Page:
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Original research
Conversational AI facilitates mental health assessments and is associated with improved recovery rates
  1. Max Rollwage1,
  2. Johanna Habicht1,
  3. Keno Juchems1,
  4. Ben Carrington1,
  5. Tobias U Hauser1,2,3,4,5,
  6. Ross Harper1
  1. 1AI & Research, Limbic, London, UK
  2. 2Department of Psychiatry and Psychotherapy, Medical School and University Hospital, Eberhard Karls University of Tübingen, Tübingen, Germany
  3. 3German Center for Mental Health (DZPG), Tübingen, Germany
  4. 4Max Planck UCL Centre for Computational Psychiatry and Ageing Research, University College London, London, UK
  5. 5Wellcome Centre for Human Neuroimaging, University College London, London, UK
  1. Correspondence to Dr Max Rollwage, AI & Research, Limbic, London, EC1V 2NX, UK; max{at}limbic.ai

Abstract

Mental health services across the globe are overburdened due to increased patient need for psychological therapies and a shortage of qualified mental health practitioners. This is unlikely to change in the short-to-medium term. Digital support is urgently needed to facilitate access to mental healthcare while creating efficiencies in service delivery. In this paper, we evaluate the use of a conversational artificial intelligence (AI) solution (Limbic Access) to assist both patients and mental health practitioners with referral, triage, and clinical assessment of mild-to-moderate adult mental illness. Assessing this solution in the context of England’s National Health Service (NHS) Talking Therapies services, we demonstrate in a cohort study design that deploying such an AI solution is associated with improved recovery rates. We find that those NHS Talking Therapies services that introduced the conversational AI solution improved their recovery rates, while comparable NHS Talking Therapies services across the country reported deteriorating recovery rates during the same time period. Further, we provide an economic analysis indicating that the usage of this AI solution can be highly cost-effective relative to other methods of improving recovery rates. Together, these results highlight the potential of AI solutions to support mental health services in the delivery of quality care in the context of worsening workforce supply and system overburdening. For transparency, the authors of this paper declare our conflict of interest as employees and shareholders of Limbic Access, the AI solution referred to in this paper.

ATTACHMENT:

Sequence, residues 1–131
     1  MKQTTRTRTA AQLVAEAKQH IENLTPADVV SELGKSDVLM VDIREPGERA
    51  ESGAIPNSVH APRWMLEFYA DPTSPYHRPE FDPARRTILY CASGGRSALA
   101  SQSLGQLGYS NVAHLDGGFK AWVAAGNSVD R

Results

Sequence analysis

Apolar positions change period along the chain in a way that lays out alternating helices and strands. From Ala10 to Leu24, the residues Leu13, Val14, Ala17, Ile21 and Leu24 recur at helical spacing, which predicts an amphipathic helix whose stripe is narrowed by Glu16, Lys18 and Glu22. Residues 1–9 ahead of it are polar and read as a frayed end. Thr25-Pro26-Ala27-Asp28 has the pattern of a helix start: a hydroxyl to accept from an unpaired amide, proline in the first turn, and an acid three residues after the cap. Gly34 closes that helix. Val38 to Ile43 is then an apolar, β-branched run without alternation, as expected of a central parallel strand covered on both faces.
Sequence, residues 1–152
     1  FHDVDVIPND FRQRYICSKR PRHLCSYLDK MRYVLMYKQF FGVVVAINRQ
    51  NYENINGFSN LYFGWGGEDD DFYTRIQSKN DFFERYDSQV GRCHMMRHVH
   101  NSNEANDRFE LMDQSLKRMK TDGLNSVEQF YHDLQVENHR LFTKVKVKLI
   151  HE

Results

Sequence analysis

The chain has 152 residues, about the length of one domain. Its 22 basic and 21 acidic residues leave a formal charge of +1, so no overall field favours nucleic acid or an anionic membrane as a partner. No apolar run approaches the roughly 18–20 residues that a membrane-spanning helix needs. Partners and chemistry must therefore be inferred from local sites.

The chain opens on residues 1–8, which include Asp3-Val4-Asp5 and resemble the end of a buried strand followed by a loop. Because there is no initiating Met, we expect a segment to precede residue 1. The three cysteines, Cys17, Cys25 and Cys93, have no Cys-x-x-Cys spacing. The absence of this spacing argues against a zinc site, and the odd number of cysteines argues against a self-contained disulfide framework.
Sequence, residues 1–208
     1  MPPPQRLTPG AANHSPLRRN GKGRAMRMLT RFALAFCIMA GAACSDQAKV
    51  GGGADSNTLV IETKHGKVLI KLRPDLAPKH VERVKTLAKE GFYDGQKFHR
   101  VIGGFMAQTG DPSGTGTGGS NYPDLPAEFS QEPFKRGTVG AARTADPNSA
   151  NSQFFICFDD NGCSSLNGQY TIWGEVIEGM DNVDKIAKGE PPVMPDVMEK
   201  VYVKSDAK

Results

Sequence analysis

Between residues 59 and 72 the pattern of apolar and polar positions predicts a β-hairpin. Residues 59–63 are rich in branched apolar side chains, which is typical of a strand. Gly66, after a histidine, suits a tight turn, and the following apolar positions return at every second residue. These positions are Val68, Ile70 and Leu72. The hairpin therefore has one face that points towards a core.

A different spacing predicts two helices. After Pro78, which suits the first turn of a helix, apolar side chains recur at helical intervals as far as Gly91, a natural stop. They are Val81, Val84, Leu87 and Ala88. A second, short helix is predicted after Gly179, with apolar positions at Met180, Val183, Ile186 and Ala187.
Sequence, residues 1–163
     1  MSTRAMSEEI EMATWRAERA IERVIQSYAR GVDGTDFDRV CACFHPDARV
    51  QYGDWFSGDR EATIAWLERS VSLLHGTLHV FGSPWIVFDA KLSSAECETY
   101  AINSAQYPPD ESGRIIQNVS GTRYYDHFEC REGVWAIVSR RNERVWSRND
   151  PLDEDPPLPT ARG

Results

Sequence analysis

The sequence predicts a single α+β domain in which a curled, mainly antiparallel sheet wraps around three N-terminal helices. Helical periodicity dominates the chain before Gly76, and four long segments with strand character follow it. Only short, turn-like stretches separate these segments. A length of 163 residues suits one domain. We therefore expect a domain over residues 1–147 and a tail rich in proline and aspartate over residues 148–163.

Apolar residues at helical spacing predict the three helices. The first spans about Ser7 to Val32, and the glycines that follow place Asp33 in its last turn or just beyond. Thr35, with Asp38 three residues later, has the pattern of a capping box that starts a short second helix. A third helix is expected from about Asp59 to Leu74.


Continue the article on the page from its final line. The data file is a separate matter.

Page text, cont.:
• Costs and Cost Analysis
  • Health Care Quality, Access, and Evaluation
  • Mental Health Recovery
  • Psychology, Medical

Data availability statement

Data available at a dedicated GitHub repository. Code and data supporting this study are available at a dedicated GitHub repository.

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Data availability statement

Data available at a dedicated GitHub repository. Code and data supporting this study are available at a dedicated GitHub repository.

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Footnotes

  • Twitter @M_Rollwage

  • Contributors MR and BC conceived and planned the study with input from RH. MR and JH analysed the data with input from TUH, KJ and RH. MR wrote the first draft of the manuscript with edits from all other authors. JH revised the initial draft of the manuscript. MR is responsible for the overall content as guarantor.

  • Funding This work was supported by Limbic Limited.

  • Competing interests MR, KJ, JH, BC and RH are employed by Limbic Limited and hold shares in the company. TUH is working as a paid consultant for Limbic Limited.

  • Patient and public involvement Patients and/or the public were not involved in the design, or conduct, or reporting, or dissemination plans of this research.

  • Provenance and peer review Not commissioned; externally peer reviewed.

  • Supplemental material This content has been supplied by the author(s). It has not been vetted by BMJ Publishing Group Limited (BMJ) and may not have been peer-reviewed. Any opinions or recommendations discussed are solely those of the author(s) and are not endorsed by BMJ. BMJ disclaims all liability and responsibility arising from any reliance placed on the content. Where the content includes any translated material, BMJ does not warrant the accuracy and reliability of the translations (including but not limited to local regulations, clinical guidelines, terminology, drug names and drug dosages), and is not responsible for any error and/or omissions arising from translation and adaptation or otherwise.